It was supposed to be a dream debut for the most visited site on the Internet but Facebook's Nasdaq listing on Friday turned out to be anything but that. A combination of technical glitches on the trading platform, poor investor appetite and most important of all, that old stock market trait called greed ensured that the listing turned into a flop show. But even if the stock trades well below its offer price of $38 a share now, Facebook's early investors, who include some venture capitalists, angel investors and even a Russian oligarch, are now laughing all the way to the bank. By pricing the IPO fully, the investment banks may have ensured that early investors got the maximum bang for their buck. Yet, by leaving very little on the table for new investors, the investment bankers also ensured the stock will not trade over the offer price in the near term. In a throwback to the dark days of the dot-com boom last decade, Facebook, after sensing the hype around the IPO, raised the price band from $28-35 to $34-38 a share and also increased the number of shares on offer by a quarter. It is not surprising that 60 per cent of the proceeds of the offer of $16 billion will accrue to shareholders who invested in Facebook in its early days. Of course, as those who assumed great risk in investing in an unknown company, they deserve to reap the rewards now. But should this have been at the cost of incoming investors?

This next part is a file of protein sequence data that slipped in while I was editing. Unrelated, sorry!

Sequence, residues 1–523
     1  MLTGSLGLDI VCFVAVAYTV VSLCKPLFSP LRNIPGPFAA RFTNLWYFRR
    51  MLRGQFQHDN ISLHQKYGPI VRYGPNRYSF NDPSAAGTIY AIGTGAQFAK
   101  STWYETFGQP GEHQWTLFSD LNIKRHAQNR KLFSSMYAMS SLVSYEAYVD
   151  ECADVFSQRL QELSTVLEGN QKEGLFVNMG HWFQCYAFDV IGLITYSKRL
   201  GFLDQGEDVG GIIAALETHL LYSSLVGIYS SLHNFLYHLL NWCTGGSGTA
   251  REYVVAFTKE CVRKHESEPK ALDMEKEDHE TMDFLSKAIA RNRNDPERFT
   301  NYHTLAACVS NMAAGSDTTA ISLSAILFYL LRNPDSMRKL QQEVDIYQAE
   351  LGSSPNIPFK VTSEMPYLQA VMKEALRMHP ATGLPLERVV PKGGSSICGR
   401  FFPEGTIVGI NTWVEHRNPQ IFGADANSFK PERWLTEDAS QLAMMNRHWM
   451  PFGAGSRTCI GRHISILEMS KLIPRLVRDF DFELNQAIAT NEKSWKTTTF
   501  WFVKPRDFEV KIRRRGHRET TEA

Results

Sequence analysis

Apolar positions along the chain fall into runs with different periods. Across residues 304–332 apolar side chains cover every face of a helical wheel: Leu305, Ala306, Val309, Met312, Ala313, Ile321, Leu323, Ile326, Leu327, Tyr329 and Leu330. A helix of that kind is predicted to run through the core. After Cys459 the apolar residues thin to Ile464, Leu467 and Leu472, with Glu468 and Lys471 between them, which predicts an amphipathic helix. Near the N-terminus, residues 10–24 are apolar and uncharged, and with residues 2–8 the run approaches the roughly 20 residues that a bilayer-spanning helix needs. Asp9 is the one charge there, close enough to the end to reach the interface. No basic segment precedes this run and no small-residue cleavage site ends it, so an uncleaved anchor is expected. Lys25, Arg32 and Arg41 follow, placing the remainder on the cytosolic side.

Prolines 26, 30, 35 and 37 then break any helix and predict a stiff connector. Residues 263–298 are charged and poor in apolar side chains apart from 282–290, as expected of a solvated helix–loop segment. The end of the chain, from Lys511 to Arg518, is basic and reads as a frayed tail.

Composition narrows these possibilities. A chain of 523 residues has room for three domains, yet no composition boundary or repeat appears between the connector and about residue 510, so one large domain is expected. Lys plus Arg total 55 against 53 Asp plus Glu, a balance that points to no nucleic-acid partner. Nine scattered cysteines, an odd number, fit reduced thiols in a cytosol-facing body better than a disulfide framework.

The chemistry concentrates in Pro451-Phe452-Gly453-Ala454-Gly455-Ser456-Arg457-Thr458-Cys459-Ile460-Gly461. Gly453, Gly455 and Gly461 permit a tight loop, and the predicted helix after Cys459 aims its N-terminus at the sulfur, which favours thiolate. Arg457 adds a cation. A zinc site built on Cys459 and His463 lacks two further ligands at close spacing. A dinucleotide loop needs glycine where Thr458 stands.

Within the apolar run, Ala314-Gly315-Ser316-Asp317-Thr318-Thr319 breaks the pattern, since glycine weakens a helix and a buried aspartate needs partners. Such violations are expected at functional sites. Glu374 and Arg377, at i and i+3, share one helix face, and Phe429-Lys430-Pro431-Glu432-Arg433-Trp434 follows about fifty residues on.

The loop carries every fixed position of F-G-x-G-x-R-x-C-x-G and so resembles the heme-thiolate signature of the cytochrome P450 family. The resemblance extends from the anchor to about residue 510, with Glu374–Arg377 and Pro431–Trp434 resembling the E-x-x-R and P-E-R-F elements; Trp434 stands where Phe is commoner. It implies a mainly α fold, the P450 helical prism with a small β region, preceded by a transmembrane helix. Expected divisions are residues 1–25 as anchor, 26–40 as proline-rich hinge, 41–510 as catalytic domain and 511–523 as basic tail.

The first two days of trading suggest the market is uncomfortable with Facebook's mind-boggling $104 billion valuation. The company's price-earnings ratio of 107, based on its 2011 earnings, is way ahead of the 13x that the more profitable Apple commands. The first quarter revenues and earnings also show a slowdown compared to 2011 and with General Motors recently deciding to pull out of advertising on Facebook, the concerns are real. Questions are being raised over its revenue model, which mainly relies on advertising on the site, though Facebook Credits, which it sells for applications on the site, also contribute to revenues. With about half its users accessing the site through smartphones, Facebook has to develop advertising options for them. Typically, such users find advertisements annoying on the small screen. Facebook is also experimenting in New Zealand with paid posts (NZ$2 a post) with the assurance that the recipient will surely get to see them. With petabytes of information and pictures vested with it, there is no question of the opportunity available for Facebook to leverage. How well it does that will decide whether Facebook's stock appreciates rapidly like Google's or continues to languish below the offer price.

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